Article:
Pavin's players are hoping to match Tom Watson's 1993 US team
United States skipper Corey Pavin believes his team will be the underdogs when they face Europe in next month's Ryder Cup at Celtic Manor.
Pavin's side are bidding to land the trophy for the first time in Europe since winning at the Belfry in 1993.
"Given the advantage of playing over in Europe, I think that gives the edge to the European team," said Pavin.
The US ended a run of three successive defeats with an emphatic victory at Valhalla in Kentucky two years ago.
"Travelling is always difficult and the fans will be a big part of it: 80-85% are going to be pro-European, " added the American captain.
"We're competing on a golf course that is played on their tour so the European players are familiar with the venue. And Monty (European captain Colin Montgomerie) gets to set up the golf course the way he wants to as well.
"We haven't won on foreign soil since 1993 so it's going to be a challenge but I think the teams themselves are very comparable. I am looking forward to a pretty good battle."
Since the Ryder Cup began in 1927, teams playing away from home have been victorious on 11 occasions with only three of those by Europe - the last being in Michigan in 2004. Two were drawn in 1969 and 1989.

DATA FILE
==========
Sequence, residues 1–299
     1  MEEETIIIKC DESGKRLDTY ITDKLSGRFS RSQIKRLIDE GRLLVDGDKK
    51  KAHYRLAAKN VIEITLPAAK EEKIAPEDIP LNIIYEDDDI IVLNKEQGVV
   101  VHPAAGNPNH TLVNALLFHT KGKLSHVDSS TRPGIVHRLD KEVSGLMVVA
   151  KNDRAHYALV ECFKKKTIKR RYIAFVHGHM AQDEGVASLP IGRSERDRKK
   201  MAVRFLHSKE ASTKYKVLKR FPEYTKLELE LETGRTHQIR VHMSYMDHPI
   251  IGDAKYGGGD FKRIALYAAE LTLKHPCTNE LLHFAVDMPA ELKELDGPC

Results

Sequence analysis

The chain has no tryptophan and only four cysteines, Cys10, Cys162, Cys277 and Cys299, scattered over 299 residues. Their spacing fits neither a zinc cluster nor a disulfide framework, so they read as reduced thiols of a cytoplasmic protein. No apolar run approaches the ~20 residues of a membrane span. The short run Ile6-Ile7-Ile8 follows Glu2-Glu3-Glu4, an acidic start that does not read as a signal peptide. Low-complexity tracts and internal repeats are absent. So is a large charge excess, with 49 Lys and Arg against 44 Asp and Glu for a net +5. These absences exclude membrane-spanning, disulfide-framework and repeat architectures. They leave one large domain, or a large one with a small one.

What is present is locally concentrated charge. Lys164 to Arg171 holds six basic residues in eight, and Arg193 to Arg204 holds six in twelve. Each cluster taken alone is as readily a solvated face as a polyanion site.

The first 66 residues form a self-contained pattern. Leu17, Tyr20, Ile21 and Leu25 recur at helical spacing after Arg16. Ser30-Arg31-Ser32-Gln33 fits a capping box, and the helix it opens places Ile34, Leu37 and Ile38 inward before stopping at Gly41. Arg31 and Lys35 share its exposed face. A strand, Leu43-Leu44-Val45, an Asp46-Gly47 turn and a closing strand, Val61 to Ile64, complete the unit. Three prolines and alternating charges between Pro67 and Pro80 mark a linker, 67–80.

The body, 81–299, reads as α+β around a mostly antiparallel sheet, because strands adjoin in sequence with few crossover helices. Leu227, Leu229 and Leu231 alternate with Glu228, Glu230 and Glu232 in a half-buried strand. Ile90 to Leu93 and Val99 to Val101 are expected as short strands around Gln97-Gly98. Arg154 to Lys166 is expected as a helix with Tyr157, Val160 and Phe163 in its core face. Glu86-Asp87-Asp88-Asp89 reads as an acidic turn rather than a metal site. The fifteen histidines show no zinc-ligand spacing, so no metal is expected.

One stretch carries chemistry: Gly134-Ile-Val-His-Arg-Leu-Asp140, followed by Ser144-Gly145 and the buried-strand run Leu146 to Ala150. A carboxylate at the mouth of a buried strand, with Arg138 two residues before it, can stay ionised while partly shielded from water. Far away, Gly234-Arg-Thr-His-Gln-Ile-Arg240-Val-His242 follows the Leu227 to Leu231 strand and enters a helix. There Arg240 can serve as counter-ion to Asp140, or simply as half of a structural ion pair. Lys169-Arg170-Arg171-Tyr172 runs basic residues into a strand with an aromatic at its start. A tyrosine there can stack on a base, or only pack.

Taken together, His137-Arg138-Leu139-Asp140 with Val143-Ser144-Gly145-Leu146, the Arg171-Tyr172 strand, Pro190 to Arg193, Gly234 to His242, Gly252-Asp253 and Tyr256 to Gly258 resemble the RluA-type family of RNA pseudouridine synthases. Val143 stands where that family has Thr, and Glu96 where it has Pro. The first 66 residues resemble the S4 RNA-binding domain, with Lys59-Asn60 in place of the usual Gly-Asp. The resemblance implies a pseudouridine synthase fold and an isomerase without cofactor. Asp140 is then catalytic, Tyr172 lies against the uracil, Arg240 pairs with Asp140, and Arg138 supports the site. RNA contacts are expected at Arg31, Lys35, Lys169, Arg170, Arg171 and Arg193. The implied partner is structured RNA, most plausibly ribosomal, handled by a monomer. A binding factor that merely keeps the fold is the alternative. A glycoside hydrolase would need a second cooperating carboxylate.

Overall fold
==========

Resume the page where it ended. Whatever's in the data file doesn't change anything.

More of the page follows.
However, it is 17 years since the American golfers have tasted Ryder Cup success on their travels when Tom Watson guided his team to a
15-13 victory over Bernard Gallacher's players.
Pavin, who won the US Open in 1995, believes the demands of competing in a Ryder Cup are far greater than a major.
"The Ryder Cup has a lot more pressure," said the 50-year-old, who secured his only major five years ago at Shinnecock by hitting a nerveless four wood to within five feet on the 72nd hole.
"I've hit a very important shot on the last hole of a US Open. Was I nervous? Yes, I was certainly nervous.
"Was I more nervous playing in a Ryder Cup, maybe coming down the 18th hole? By far. It's not even a comparison."
Pavin feels a major part of his job will be helping his 12-man team, which includes world number one and wild card Tiger Woods, cope with these extra pressures of the competition that takes places on 1-3 October.
"That's what is the most fun for me playing at the Ryder Cup, controlling my emotions and getting the most out of my game under the most trying conditions," he said.
"I hope to bring a calmness to the guys on my team. This is an event where emotions run high and I want the guys to be calm yet focused. They will be nervous, which is great.
"I just have to make sure some of the guys kind of tone it down a little bit because they are going to be so fired up."
With Woods having secured one of the four wild card choices, Pavin revealed he was delighted to have
the 14-time major champion on his side,
despite him not having won a tournament this year.
"I have always wanted to have him on the team but I want guys that are playing well and he's starting to play well. I am glad to have him," said Pavin, who revealed he was edging closer to deciding what his pairings would be.
"He is the number one player in the world and when Tiger's on his game, he is the best."